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BIG 3 REGAIN RESPECT Sales are up, but quality, productivity still trail Japanese

When Vicki Kriner was ready to replace her Suburu GL, she did something she hadn't done in years: She bought American. In fact, Ms. Kriner, who owns an Owings Mills day care center, bought a vehicle made by Chrysler, a company whose brushes with bankruptcy symbolized the problems of U.S. automakers in the late 1970s and 1980s.

"When I took the test-ride, I was convinced," Ms. Kriner said last week of her Jeep Cherokee, manufactured by Chrysler. "The ride was great, and the price was reasonable."

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That combination of quality and price is helping Chrysler Corp., Ford Motor Co. and General Motors Corp. regain long-lost customers.

And recent financial reports show that the Big Three can make money as well as good cars -- combined second-quarter profits hit $2.5 billion.

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But for all the progress in cost-cutting, quality improvement and product development, the U.S. auto industry faces serious challenges.

Among them: the burden of years of crippling losses, a still-substantial gap with Japanese automakers in quality and productivity, uncertain labor negotiations and a reliance on tariffs to keep out competitors.

If the Big Three can't meet those challenges, the entire U.S. economy is likely to suffer.

GM, for example, accounts for 2 percent of all goods and services produced in the United States, and, after numerous cutbacks, still employs 450,000 people, including 3,500 in Baltimore.

When the number of U.S. jobless claims recently dropped by 60,000, to 336,000, economists attributed the change to rising auto production.

Such issues, however, seem miles away from the nation's showrooms. With the average age of the U.S. auto fleet at eight years -- a level that hasn't been reached in more than four decades -- consumers are rushing in to buy cars.

At the Bob Bell Chevrolet dealership in southeast Baltimore County, best-sellers include the Geo Metro and the Chevrolet Cavalier, a 10-year-old model still popular because its price is under $10,000.

Sales are so strong, says a salesman, Stuart Brooks, that the dealership is turning over 100 percent of its inventory each month and would be selling more but for factory bottlenecks.

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His experience is mirrored by statistics showing that auto sales hit a three-year high in the first half of 1993.

Although sales dropped in July, 1993 is likely to be the strongest year for vehicle sales since 1990.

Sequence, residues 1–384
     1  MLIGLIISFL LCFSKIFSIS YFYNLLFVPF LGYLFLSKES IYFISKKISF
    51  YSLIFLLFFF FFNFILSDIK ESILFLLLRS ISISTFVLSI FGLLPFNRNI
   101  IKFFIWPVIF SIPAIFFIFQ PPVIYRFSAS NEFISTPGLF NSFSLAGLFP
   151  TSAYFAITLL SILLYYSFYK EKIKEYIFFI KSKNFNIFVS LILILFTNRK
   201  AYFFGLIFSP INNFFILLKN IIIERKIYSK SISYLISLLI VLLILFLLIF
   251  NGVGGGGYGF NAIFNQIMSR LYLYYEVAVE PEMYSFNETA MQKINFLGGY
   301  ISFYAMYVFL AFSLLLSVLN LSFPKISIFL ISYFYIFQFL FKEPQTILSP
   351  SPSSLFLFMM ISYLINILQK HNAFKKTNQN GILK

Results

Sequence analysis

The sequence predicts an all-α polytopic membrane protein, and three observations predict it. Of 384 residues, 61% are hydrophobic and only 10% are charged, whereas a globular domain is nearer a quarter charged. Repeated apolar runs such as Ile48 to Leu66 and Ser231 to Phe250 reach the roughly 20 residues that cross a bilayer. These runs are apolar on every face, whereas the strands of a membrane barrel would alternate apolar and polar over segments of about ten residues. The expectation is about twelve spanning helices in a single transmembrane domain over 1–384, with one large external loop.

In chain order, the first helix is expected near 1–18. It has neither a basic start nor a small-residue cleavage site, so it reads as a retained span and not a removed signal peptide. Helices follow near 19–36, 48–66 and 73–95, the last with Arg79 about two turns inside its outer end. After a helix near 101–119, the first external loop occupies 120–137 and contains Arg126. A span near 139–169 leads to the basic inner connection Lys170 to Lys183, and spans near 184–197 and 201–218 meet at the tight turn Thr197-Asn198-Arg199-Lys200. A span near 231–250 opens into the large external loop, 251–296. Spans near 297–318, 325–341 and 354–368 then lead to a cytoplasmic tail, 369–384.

People "need autos, interest rates are low and they just feel more confident," Mr. Brooks said. "Everything has just come together."

In the past, many of those new-car buyers would have chosen Japanese autos, with their reputation for reliability and value.

In the first six months of 1993, though, U.S. automakers have cut into Japanese companies' market share, slicing it to 27.6 percent, from 29.2 percent.

The reason: U.S. manufacturers are benefiting from fundamental changes they have undertaken, as well as from temporary factors that could vanish in the future.

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Among the more permanent changes: an emphasis on quality and lower costs.

Better production

Lean production techniques, for example, have raised U.S. autoworkers' productivity to near-Japanese levels. From 1979 to the number of U.S. autoworkers needed to produce a vehicle dropped from about five to three for Ford and Chrysler, although GM lagged, with 4.5 workers needed, according to a recent study by Harbour and Associates, a Michigan consulting firm. Japanese auto companies, by comparison, needed fewer than three workers.

Productivity "is not quite as high as the Japanese, but for all intents and purposes, that gap has been closed," said Ron Harbour, who runs Harbour and Associates.

That means lower costs for consumers. Today, U.S. cars enjoy a $2,000-to-$3,000 price advantage over their Japanese competitors, a margin increased by the record strength of the yen, which drove up the cost of Japanese cars last year by between 4 percent and 7 percent. By contrast, the Big Three increased prices by just 1.6 percent.

Detroit has boosted quality, too. J.D. Power and Associates, which measures new-car defects, reported that quality rose 17 percent among 1993 U.S. models. Quality rose among Japanese cars, too, but by just 10 percent, the consultants reported.

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Still behind Japanese